When I was young I had a friend who loved trains. Ok, no, scratch that. He ADORED trains. He had model trains in his basement, posters of his favourite locomotives on his bedroom walls, and every back issue of “Trains, Trains, Trains Magazine.” I remember a time driving in a car with my friend when we had to stop at a train crossing. I cannot describe how excited he was. He knew every model, every train car, every manufacturer and I would not be surprised if he knew the names of the conductors. His passion for trains was explosive, and although it didn’t rub off on me, I was more than pleased to hear him go on about his favourite hobby. Instead of creating a divide between us, our differences became a point of conversation and friendship.
When we look around us, it’s easy to see how different we are from others. Our passions and hobbies, our gifts and skills, even our ethnicities or political leanings can seem entirely unlike those of the people who live in our neighbourhood. In communities and neighbourhoods that are not functioning well, differences can become a source of conflict. Competent neighbourhoods, however, are places where neighbours have begun to see the value in the diversity of gifts, skills, passions, and interests of the people who make up the neighbourhood. Competent neighbourhoods, instead of seeing the differences that divide, they see opportunity for collaboration, for inclusion, and for fun.
I heard a story of a woman in a neighbourhood who noticed that the kids on her street didn’t have much to do after school. She didn’t think that she had any particular skills with caring for kids, but she decided that she would create something wonderful for them anyway. Each week she would put together a neighbourhood-wide scavenger hunt for the kids. She would draw up a map of the neighbourhood, plant clues and set them up for a big adventure. Soon a weekly club was formed and kids from all over would come to get in on her scavenger hunt. Neighbours and a seniors group pitched in and helped by planting goodies in their yards. It became a phenomenal success. Young kids were meeting seniors, and each week the kids were learning about their neighbourhood and the people who lived there. It’s an amazing story of a person who felt that she couldn’t help kids, and in turn discovered that she was gifted with exactly what those kids needed.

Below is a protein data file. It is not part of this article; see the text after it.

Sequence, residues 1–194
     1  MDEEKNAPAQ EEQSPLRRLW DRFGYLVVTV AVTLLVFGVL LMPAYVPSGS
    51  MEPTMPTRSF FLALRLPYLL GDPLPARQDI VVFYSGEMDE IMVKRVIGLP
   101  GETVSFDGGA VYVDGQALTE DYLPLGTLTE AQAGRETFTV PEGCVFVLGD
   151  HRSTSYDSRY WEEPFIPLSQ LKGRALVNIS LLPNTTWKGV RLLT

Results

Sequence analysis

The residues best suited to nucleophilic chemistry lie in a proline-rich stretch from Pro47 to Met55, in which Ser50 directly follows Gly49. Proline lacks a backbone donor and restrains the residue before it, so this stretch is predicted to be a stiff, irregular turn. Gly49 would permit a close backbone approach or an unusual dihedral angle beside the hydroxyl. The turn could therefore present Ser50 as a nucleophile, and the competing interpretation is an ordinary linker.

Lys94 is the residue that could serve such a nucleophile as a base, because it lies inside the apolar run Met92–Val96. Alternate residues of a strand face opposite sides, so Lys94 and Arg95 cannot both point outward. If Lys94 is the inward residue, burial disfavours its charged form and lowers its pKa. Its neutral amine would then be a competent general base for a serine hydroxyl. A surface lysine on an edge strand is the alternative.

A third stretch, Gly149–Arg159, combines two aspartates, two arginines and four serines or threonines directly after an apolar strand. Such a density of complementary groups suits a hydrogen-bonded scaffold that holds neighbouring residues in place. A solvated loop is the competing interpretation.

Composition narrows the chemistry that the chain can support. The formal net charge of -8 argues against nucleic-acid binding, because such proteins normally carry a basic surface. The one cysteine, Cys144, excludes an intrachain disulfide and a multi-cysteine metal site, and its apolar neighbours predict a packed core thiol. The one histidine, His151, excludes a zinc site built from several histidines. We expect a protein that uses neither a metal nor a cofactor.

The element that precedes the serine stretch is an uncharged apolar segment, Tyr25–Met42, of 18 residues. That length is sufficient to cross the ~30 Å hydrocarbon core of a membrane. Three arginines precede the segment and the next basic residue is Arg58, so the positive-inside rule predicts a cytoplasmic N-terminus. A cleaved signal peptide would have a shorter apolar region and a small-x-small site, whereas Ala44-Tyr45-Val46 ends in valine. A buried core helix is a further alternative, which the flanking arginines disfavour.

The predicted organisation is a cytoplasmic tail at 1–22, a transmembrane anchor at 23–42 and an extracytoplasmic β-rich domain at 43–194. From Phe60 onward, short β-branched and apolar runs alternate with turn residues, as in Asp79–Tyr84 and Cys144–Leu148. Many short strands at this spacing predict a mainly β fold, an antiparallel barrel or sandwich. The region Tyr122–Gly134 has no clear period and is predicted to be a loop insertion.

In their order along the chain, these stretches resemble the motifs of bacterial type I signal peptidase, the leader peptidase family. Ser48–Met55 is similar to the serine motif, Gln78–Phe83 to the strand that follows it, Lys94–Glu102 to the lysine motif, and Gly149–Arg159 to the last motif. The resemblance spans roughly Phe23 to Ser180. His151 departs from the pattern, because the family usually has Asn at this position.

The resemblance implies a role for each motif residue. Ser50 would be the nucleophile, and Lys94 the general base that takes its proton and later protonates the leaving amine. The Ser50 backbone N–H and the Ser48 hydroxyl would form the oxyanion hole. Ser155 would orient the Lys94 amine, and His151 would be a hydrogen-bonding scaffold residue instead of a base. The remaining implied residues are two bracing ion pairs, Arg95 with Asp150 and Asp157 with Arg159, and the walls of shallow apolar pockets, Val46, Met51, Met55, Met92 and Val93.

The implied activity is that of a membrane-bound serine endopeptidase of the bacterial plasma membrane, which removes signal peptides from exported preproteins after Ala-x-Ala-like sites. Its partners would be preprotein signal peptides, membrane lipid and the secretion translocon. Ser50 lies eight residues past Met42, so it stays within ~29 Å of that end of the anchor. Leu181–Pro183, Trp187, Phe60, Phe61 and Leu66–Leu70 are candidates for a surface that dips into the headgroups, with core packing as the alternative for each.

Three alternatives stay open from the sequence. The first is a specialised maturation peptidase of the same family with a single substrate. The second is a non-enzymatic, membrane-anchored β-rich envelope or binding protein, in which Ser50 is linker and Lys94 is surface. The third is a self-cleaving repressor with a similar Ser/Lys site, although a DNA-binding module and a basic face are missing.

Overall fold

Differences between age, interests, hobbies, and passions do not need to be a source of conflict for us. God created each person on your street with a diversity of gifts and skills that reflect his own creative character. When we start to see people around us as people created with amazing interests and abilities, we may be taking the first step in truly appreciating and loving others. As we start to care for each other, in spite of our differences, we transform the ways that we live and thrive together as a city.
Into the Neighbourhood Experiment: Are there people on your street with interests that are different from your own? Are there gardeners, motorcycle enthusiasts, woodworkers, bakers, investment bankers? Take time this weeks to learn about, and appreciate, the different skills and gifts present on your street.